RU-486, commonly distributed as Mifepristone, is a prescription pill used to take the life of the unborn child that is generally effective during the first 50 days of pregnancy created by the French pharmaceutical company Roussel Uclaf in the 1980s. It is usually used in conjunction with a second drug, misoprostol, to ensure effectiveness and remove the deceased baby from the uterus.
RU-486 works by repressing the woman's production of progesterone, the chemical which is responsible for the lining of the uterus which allows the unborn child to be nourished. Without progesterone, the pregnancy is literally put into forced shut-down, and the unborn baby starves to death.
Shortly after RU-486 is administered, the woman is usually given another drug, misoprostol. This drug causes the uterus to expel its contents, including the body of the unborn child. Interestingly enough, the owner of misoprostol warned that the drug should not be used for abortion.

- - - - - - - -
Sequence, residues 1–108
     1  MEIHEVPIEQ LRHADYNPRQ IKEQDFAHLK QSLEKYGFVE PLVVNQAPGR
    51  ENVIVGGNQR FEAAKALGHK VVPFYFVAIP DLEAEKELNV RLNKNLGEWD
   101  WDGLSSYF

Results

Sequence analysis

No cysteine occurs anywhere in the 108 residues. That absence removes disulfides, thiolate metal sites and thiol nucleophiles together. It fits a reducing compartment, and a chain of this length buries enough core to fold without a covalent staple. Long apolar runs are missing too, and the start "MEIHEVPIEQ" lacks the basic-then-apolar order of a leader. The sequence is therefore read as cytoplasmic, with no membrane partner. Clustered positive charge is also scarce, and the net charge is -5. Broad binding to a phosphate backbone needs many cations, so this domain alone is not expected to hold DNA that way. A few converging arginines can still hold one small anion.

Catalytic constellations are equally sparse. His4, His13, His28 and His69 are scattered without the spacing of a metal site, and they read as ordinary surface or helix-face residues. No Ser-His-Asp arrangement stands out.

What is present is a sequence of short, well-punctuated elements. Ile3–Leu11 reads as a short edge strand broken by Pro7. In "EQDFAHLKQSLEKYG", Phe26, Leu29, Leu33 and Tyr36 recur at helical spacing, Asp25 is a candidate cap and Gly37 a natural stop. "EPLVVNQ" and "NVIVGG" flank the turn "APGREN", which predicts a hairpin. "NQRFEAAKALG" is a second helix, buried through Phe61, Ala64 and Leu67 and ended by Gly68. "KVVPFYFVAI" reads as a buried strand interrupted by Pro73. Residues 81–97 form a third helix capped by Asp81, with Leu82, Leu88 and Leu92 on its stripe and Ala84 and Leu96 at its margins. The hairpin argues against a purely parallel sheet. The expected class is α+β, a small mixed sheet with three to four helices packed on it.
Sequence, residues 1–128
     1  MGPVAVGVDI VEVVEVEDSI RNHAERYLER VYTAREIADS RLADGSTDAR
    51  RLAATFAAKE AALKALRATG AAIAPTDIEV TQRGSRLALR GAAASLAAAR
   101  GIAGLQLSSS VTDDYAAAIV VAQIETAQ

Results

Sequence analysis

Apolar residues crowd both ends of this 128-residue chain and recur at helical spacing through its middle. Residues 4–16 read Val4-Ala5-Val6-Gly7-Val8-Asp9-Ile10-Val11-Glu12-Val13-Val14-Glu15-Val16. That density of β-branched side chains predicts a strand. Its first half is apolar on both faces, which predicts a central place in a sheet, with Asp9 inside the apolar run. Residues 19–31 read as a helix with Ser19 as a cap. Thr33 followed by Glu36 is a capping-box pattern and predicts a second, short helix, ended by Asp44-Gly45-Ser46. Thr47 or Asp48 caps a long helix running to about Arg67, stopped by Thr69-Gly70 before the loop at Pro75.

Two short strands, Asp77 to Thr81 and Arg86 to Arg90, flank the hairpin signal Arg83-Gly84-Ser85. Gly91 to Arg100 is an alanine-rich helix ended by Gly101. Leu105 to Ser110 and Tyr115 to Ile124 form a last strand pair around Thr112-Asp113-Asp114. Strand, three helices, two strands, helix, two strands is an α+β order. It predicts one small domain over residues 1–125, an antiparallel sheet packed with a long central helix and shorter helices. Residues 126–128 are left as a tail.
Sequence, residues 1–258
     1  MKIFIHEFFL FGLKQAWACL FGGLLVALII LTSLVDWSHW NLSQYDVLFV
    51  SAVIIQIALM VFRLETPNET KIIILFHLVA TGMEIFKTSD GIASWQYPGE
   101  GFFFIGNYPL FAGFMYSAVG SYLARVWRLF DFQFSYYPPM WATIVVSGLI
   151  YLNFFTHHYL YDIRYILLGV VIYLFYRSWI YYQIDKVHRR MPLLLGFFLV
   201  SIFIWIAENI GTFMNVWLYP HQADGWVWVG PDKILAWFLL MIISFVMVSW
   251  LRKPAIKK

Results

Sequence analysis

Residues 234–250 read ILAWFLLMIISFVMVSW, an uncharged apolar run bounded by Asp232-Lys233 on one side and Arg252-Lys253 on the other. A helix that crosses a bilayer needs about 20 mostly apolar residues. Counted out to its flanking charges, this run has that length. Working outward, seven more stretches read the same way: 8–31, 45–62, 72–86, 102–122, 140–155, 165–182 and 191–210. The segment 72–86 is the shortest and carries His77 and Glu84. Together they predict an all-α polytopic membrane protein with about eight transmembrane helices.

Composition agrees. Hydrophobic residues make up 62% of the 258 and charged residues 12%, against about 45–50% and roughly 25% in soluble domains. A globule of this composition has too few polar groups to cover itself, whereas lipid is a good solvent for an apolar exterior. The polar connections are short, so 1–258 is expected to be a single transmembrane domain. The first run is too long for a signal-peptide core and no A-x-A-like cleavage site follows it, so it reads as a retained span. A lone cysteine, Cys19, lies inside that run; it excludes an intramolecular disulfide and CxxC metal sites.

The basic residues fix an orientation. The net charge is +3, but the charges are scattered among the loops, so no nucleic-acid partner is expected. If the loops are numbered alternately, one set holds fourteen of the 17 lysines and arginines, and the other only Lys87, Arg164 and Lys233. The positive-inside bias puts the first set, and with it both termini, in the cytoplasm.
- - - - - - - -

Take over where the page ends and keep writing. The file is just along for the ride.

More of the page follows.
The most common side effects are exhaustion, abdominal pain, vomiting, and vaginal bleeding.
Other side effects included bacterial infection, pelvic inflamitory disease, and severe bleeding. In the original tests, 2% of the women involved hemorrhaged. One woman lost so much blood she would most likely have died without emergency surgery.
Complications reported to the FDA since it approved RU-486 include two fatalities and 20 near-fatal complications, including a heart attack, two cases of systemic bacterial infection in 15 year olds, and several hospitalizations for hemorrhaging.
Nearly all the safety precautions the FDA knew were necessary to protect women from being injured or killed by RU-486―which are required in other countries―were dropped under political pressure.
chemical structure of RU-486